: The GW characters do not belong to me, but the OCs and the universe do. Please do not steal them! :)
Archives: Currently, the Roleplay can be found at and Reflection, but please contact me if you want to archive it.
Updates: Writer's block. Don't kill me? Once I finish Cycles, maybe it will be gone. So far, here are chapters 1, 2, 3 and 4.
If you wish to join my updates list, please review/email and tell me.

No deliberate character bashing or other forms of mutilation.
Any sections that appear to contain the above will eventually be explained.

Events from the series are twisted into a fantasy AU, where the GW characters fight with magic and swords instead of Gundams...


| Part One: Duplication |
1 2 3 4 5 6 7 8

| Part Two: Augmentation |
9 10 11 12 13 14 15 16 17 18 19 20 21 22 23 24

| Part Three: Modification |
25 26 27 28 29

| Part Four: Creation |

| Epilogue |

| Fanart |
See Mariel Yuy's wonderful fanart
at 'Reflection' - Thanks, Mariel!

| Author Notes |
Purpose and part divisions
Suri: whys and wherefores
Contact details and response policy
Public reviews and my responses

Mission Log

Aim: To study how much the GW characters will change when placed in a different context.

Hypothesis: By the end of the story, the members of the original cast will have developed into new characters in their own rights. They will have been shaped by their own experiences and relationships, and they will be a product of the AU rather than the Gundam Wing universe. At the same time, however, they will bear similarities to their series counterparts because their roots were the same. (Refer to the nature-nurture debate for the intellectual nerdy explanation of why I formed this hypothesis.)

Materials: The original cast, a fantasy AU and a set of paralleled events and interactions.

Procedure: The characters were planted in an AU whose discourses and themes were different to those of the Gundam Wing world, which enabled me to see how much I would need to bend the characters until they resembled their counterparts in spite of the change in context. The amount of 'bending' - of both the AU and the characters - would serve as something of an indication of how much the characters were exclusively a result of the Gundam Wing universe.

I used the first part of the story to turn the characters into ones that resembled their series counterparts. Then, I built on the characters and the plot by placing the characters into both original and paralleled situations, including encounters, interactions and battles, where they would gradually reveal how much they both resembled and differed from their counterparts. I tried to show that the new context meant that although the characters could remain essentially the same, differences would also exist in their thoughts, words, habits, fears, motivations, emotions and actions.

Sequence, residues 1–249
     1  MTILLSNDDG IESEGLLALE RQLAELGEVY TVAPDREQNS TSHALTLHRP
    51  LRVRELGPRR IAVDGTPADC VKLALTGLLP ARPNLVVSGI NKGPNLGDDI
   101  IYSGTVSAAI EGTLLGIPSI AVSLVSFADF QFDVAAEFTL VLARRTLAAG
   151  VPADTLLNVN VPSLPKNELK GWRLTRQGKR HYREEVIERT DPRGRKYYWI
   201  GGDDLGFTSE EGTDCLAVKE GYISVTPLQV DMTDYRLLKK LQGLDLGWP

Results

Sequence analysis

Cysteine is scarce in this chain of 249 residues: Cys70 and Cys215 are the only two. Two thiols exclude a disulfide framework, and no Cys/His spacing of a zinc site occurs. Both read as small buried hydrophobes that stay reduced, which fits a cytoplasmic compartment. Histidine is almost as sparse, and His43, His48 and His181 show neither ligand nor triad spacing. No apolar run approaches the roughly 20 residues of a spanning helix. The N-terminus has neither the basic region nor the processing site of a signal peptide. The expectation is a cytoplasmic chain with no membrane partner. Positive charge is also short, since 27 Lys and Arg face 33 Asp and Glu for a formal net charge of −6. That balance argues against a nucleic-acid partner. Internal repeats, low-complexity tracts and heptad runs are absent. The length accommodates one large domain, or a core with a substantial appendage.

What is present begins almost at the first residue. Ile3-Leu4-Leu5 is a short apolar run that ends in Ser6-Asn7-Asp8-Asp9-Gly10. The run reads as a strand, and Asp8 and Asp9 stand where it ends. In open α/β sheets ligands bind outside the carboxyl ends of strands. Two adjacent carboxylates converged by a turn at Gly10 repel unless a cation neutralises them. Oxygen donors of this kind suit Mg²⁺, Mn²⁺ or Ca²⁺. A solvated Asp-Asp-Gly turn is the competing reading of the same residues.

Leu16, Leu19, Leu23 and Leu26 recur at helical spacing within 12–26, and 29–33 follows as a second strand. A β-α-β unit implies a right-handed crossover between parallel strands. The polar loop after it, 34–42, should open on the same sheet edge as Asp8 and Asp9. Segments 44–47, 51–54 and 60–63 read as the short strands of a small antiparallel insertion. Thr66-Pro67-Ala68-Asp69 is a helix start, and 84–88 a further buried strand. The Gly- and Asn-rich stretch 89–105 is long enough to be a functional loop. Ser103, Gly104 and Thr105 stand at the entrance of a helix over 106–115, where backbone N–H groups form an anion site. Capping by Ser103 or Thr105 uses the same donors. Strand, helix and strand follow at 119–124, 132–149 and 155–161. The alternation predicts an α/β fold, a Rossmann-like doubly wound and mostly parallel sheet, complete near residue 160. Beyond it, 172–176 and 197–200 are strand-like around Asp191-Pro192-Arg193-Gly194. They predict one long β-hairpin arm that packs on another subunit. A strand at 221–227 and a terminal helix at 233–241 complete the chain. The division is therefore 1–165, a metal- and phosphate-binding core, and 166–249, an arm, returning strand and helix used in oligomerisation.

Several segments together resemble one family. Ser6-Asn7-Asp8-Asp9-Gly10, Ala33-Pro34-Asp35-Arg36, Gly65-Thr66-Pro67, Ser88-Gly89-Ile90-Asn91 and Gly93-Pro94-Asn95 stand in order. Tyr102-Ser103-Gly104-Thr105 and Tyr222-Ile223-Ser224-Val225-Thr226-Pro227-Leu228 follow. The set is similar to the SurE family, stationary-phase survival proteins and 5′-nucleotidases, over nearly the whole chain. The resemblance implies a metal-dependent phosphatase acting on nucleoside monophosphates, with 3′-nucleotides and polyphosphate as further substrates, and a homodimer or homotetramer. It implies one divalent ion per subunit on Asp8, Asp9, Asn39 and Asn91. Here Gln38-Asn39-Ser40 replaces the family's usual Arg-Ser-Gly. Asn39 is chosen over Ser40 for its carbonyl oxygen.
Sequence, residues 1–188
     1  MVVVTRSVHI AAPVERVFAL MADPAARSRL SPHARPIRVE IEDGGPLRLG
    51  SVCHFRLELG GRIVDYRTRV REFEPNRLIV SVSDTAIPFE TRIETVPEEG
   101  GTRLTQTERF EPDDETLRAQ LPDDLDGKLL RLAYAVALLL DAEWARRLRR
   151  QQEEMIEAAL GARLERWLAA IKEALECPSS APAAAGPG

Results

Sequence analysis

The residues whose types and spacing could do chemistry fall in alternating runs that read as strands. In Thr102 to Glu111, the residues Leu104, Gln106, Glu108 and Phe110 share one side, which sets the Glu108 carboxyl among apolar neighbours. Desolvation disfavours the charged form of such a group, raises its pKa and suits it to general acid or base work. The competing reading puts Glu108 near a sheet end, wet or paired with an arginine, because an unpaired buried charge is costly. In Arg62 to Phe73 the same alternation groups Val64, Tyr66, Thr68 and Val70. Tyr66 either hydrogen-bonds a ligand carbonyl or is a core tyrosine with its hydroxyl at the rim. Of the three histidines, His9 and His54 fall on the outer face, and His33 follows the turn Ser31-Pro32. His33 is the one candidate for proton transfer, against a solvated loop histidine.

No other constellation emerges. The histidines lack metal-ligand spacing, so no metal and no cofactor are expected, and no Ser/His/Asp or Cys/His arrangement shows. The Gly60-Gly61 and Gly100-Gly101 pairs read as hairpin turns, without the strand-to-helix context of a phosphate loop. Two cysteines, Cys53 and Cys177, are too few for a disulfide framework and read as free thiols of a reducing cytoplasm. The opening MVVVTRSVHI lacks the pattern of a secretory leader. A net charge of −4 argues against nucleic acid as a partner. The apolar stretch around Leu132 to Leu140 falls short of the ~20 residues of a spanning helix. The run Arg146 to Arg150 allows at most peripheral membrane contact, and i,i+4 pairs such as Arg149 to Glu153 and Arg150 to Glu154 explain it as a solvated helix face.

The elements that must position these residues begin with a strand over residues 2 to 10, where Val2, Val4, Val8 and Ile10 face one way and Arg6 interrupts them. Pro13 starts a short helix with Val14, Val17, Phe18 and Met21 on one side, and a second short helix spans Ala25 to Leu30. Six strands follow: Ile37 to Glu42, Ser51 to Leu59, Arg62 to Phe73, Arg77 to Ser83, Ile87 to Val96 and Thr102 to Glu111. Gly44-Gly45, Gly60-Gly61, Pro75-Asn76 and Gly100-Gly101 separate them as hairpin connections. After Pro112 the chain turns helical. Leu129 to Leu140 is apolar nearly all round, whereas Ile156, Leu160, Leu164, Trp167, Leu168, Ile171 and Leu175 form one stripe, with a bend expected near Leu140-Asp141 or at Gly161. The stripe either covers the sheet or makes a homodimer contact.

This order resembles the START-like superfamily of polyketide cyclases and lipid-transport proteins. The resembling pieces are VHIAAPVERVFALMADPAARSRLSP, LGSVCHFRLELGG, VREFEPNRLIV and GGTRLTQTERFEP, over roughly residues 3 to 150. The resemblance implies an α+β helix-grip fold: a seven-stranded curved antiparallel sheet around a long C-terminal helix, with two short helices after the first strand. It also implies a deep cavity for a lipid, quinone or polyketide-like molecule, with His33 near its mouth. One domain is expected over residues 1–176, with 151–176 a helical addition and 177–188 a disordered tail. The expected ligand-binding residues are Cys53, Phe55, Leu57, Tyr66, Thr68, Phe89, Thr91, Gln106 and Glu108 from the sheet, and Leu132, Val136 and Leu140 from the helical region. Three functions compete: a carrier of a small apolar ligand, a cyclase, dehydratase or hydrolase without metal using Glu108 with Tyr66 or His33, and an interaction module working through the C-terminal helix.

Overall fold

Results: My work in progress, otherwise known as Roleplay.

Discussion: Click here.

Conclusion: The experiment is yet incomplete. However, if you have read some of the story, perhaps you would like to submit your own conclusion - in your opinion, has my hypothesis been proven, or am I running around in pointless circles? Thank you. ^_^


(contains mild spoilers - read at your own risk)

On one hand, there were six youths of noble birth; on the other, there was a lone girl working for a living in street taverns. A headache, a spilled drink and a strange twist of fate brought her to the Grounds in time to see a malicious attack on the Journeyman Elementalist named Heero Yuy. By the time events slowed down once more, the girl was happily settled as a trainee at the Elementalist Collegium.

Two years later, Prince Milliardo of Sanq and his conpanions returned from Zolte night celebrations to find the palace burnt, their friends and monarchs murdered and their country seized by Oz. The seven escaped into the night and hid, vowing revenge as they headed north towards the Fort Ranges between Sanq and Oz. Thus, the Windriders were born. 

The journey led to shocking discoveries of slaughter, each of which revealed more and more of the ruthlessness of Oz. The enemy, in turn, grew increasingly wary of the black-clad Windriders who had declared themselves protectors of Sanq. However, as the prince and his companions met and allied with gypsies, mercenaries and clanfolk, they began to hear stories of seemingly disconnected events that bore disturbing similarities.

Was Prince Treize of Oz and his dying father really responsible for the multitudes of deaths? Or was there some other force behind the impossibly powerful attacks on Sanq and its people?

And if there was, what was it, and could anyone be strong enough to defeat it?

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